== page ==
For most of her 13 years working the grill and cash register at McDonald’s, Bettie Douglas earned just over $7 an hour. Then in 2017, the St. Louis grandmother’s hourly pay rose to $10 after the city increased its minimum wage.
But the Missouri legislature soon invalidated the local ordinance to raise St. Louis’ minimum wage following opposition from business groups, despite the state Supreme Court having already upheld the increase.
Pay for tens of thousands of low-wage workers in St. Louis reverted to the state’s then minimum of $7.70 an hour.
Missouri, along with Iowa, are among 25 states that expressly block local municipalities from adopting their own minimum wage laws. State legislatures in Alabama, Florida, Kentucky and Wisconsin have also invalidated local wage increases, costing nearly 350,000 workers a total of $1.5 billion per year, according to a new study by the National Employment Law Project that quantifies for the first time the economic effect of prohibiting local wage increases.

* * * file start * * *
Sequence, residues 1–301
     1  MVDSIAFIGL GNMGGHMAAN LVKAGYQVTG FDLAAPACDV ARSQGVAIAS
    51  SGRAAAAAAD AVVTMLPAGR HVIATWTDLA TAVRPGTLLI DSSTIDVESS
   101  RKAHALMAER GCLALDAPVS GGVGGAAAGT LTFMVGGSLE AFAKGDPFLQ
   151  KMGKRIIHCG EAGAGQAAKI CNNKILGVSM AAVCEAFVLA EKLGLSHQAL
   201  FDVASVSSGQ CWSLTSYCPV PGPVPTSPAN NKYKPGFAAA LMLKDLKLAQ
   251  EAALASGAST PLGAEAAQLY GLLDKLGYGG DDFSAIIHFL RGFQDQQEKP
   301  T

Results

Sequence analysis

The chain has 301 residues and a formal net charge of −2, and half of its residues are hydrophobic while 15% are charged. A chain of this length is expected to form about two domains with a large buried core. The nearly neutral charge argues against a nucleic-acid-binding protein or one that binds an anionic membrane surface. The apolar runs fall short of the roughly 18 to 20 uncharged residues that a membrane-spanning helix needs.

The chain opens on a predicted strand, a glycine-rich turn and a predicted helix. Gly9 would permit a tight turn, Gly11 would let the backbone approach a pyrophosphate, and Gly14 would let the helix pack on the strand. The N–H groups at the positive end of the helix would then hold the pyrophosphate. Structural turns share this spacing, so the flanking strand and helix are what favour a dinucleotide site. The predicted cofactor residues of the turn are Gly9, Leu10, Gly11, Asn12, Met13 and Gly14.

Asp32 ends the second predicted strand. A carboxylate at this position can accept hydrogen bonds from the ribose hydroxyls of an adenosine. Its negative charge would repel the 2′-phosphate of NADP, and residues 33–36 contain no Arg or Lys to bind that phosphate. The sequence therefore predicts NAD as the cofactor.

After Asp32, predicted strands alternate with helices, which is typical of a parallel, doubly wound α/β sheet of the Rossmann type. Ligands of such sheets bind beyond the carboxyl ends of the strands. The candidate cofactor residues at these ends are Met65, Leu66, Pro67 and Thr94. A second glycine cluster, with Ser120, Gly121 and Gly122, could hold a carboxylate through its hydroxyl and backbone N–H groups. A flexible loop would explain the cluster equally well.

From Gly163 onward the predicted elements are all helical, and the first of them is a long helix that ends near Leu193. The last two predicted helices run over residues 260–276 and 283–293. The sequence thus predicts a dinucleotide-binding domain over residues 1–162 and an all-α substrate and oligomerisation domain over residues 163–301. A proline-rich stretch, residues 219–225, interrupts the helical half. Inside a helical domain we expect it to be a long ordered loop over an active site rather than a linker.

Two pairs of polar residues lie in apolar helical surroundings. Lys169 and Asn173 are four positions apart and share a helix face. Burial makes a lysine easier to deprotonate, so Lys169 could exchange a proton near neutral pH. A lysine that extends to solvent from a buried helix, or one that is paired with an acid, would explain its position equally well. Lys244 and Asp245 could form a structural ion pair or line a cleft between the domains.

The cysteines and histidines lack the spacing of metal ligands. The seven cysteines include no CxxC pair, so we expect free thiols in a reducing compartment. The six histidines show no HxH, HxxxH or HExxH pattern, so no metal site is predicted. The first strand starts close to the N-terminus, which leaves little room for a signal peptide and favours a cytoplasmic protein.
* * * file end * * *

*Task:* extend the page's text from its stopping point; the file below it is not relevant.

State laws preempting or nullifying higher local wages perpetuate economic inequality in American cities, hurting women and minority workers who are disproportionately employed in low-wage jobs, researchers say.
More than 60 percent of affected workers in St. Louis, Birmingham and Miami Beach are people of color, according to the study.
“Missouri was one of the most egregious examples of an overwhelmingly white legislature undoing the will of local communities,” said Laura Huizar, a senior staff attorney for the National Employment Law Project and co-author of the report.
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“Preemption has been used as a tool to undermine higher wages, protect corporate profits, and cancel the voices of blacks and Latinos.”
On average, workers in the 12 municipalities where wage increases were overturned by state legislatures are losing almost $4,100 individually per year, the study found. Between 20 percent and 71 percent of the affected workers in these cities and counties live below the federal poverty line.
Despite the strong economy and historically low unemployment rates, real wages for the majority of workers have flatlined over the past decade.
Since the “Fight for $15” minimum wage movement began in 2012, more than 40 cities and counties have passed laws raising the local minimum wage — leading to a corporate-fueled backlash in many state legislatures, Huizar said.
Minimum wage increases in 20 municipalities, including Washington, D.C., and two states went into effect July 1.